Thread: Jumping Into C++ Sample Code Help

  1. #1
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    Jumping Into C++ Sample Code Help

    Not really understanding the code from Chapter 7, the program lists all prime numbers from 1-100.

    Code:
    #include <iostream>
    
    
    bool isDivisible (int number, int divisor);
    bool isPrime (int number);
    
    
    using namespace std;
    
    
    int main ()
    {
        for ( int i = 0; i < 100; i++ )
        {
            if ( isPrime( i ) )
            {
                cout << i << endl;
            }
        } 
    }
    
    
    bool isPrime (int number)
    {
        for ( int i = 2; i < number; i++)
        {
            if ( isDivisible( number, i  ) )
            {
                return false;
            }
        }
        return true;
    }
    
    
    bool isDivisible (int number, int divisor)
    {
        return number % divisor == 0;
    }
    I don't understand how it works, if someone could briefly describe what each function does, that would help considerably.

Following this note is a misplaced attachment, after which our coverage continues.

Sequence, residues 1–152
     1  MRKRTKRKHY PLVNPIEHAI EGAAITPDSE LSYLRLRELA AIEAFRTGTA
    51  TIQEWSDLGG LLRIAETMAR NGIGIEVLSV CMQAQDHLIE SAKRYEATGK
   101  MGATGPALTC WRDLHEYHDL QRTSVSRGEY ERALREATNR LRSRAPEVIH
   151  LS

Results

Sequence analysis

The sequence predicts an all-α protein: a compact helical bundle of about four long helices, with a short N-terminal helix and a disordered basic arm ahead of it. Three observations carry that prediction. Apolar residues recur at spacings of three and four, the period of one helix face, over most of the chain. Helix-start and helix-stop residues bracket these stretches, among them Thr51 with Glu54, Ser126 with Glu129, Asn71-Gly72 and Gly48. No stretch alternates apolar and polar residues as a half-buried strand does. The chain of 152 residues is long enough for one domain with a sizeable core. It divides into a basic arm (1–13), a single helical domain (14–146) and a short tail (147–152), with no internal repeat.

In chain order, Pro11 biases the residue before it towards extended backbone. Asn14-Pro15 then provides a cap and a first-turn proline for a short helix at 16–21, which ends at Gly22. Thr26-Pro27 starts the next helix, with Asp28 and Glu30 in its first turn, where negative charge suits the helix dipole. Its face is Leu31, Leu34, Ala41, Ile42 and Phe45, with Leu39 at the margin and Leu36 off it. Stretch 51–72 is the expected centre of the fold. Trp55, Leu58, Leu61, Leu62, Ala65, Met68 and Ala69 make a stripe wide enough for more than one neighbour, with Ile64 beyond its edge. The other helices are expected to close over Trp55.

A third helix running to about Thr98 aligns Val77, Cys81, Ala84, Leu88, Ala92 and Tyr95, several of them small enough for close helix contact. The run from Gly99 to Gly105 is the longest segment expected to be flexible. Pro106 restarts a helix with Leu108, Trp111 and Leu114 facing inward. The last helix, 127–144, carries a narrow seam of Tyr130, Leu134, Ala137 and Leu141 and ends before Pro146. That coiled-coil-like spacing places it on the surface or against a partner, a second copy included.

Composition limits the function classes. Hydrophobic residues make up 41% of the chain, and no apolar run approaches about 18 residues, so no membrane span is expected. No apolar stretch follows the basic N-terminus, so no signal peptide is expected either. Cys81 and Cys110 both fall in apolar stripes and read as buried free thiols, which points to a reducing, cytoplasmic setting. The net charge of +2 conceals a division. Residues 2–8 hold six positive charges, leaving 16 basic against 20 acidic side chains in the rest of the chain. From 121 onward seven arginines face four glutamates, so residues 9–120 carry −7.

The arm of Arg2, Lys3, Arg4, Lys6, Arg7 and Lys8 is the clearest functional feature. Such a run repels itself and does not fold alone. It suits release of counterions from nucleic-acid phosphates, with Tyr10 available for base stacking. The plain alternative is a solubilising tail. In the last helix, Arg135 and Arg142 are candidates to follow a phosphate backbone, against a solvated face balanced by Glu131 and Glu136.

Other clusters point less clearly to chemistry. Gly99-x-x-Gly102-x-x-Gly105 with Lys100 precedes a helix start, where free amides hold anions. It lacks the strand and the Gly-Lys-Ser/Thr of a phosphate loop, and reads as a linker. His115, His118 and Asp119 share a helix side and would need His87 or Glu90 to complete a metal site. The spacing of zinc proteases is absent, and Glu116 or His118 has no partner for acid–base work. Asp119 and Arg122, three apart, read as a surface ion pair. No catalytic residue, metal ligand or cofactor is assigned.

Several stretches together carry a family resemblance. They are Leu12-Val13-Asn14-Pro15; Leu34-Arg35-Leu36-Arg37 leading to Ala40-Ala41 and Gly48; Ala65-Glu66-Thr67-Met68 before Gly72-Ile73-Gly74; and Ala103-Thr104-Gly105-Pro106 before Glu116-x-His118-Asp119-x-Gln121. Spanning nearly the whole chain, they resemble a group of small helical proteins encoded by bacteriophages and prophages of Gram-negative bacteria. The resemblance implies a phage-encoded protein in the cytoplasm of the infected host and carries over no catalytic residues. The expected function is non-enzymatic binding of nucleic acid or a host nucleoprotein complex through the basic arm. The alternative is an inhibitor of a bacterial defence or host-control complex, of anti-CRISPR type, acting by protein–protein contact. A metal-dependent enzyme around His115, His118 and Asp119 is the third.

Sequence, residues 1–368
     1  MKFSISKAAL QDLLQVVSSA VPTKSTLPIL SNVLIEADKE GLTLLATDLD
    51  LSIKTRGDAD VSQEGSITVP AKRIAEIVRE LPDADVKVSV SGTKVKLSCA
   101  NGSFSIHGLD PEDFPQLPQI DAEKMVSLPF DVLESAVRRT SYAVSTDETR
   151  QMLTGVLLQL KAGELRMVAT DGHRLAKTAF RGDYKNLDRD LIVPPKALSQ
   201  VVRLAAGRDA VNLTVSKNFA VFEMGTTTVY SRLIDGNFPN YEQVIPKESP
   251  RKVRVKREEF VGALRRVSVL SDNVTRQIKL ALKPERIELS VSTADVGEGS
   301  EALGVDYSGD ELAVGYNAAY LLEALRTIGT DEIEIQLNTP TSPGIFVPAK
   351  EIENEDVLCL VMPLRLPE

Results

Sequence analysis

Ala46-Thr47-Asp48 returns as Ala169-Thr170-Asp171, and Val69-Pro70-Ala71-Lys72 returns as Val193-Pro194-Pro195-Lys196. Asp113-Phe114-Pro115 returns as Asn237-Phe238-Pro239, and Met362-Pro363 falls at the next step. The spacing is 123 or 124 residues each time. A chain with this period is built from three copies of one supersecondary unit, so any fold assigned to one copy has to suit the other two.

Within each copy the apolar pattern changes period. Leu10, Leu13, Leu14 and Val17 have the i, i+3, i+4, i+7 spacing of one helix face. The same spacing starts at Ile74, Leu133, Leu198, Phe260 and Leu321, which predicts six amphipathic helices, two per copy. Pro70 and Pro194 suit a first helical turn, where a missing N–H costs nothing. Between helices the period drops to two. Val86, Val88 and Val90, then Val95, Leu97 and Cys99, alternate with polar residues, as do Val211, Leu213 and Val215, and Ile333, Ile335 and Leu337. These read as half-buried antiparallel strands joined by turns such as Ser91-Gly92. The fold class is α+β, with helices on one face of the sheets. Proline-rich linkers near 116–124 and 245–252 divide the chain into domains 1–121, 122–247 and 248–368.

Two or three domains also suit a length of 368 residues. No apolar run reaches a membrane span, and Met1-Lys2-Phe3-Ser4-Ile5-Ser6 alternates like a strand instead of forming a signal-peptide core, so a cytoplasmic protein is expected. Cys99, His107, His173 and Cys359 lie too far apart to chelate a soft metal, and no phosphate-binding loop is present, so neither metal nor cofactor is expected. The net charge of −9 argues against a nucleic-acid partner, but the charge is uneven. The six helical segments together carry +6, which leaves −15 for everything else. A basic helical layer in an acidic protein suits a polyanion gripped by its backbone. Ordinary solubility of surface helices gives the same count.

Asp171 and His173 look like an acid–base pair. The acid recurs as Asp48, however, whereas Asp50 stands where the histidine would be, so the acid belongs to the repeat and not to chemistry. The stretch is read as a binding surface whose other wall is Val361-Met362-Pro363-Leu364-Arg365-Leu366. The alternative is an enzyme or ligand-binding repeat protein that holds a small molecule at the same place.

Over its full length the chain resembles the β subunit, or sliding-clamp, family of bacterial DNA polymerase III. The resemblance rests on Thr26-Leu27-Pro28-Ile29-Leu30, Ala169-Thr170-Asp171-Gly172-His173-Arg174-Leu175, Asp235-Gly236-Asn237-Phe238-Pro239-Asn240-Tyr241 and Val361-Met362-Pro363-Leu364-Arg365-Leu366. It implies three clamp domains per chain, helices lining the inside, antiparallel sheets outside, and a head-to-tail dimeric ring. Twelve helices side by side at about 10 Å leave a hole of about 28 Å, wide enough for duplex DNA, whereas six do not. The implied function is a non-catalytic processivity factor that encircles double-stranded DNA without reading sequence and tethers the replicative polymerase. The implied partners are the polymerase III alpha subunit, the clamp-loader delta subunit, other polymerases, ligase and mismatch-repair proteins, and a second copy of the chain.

Thanks in advance,
    -lamb
    Last edited by lamb; 08-28-2014 at 07:26 PM.

  2. #2
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    Read this to understand the isDivisible function.
    Modulus Operator in C and C++ - Programming Tutorials - Cprogramming.com

    Tim S.
    "...a computer is a stupid machine with the ability to do incredibly smart things, while computer programmers are smart people with the ability to do incredibly stupid things. They are,in short, a perfect match.." Bill Bryson

  3. #3
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    Quote Originally Posted by lamb View Post
    I don't understand how it works, if someone could briefly describe what each function does, that would help considerably.
    I dunno what to say. These functions are as easy as they come. What's the problem?
    Quote Originally Posted by Adak View Post
    io.h certainly IS included in some modern compilers. It is no longer part of the standard for C, but it is nevertheless, included in the very latest Pelles C versions.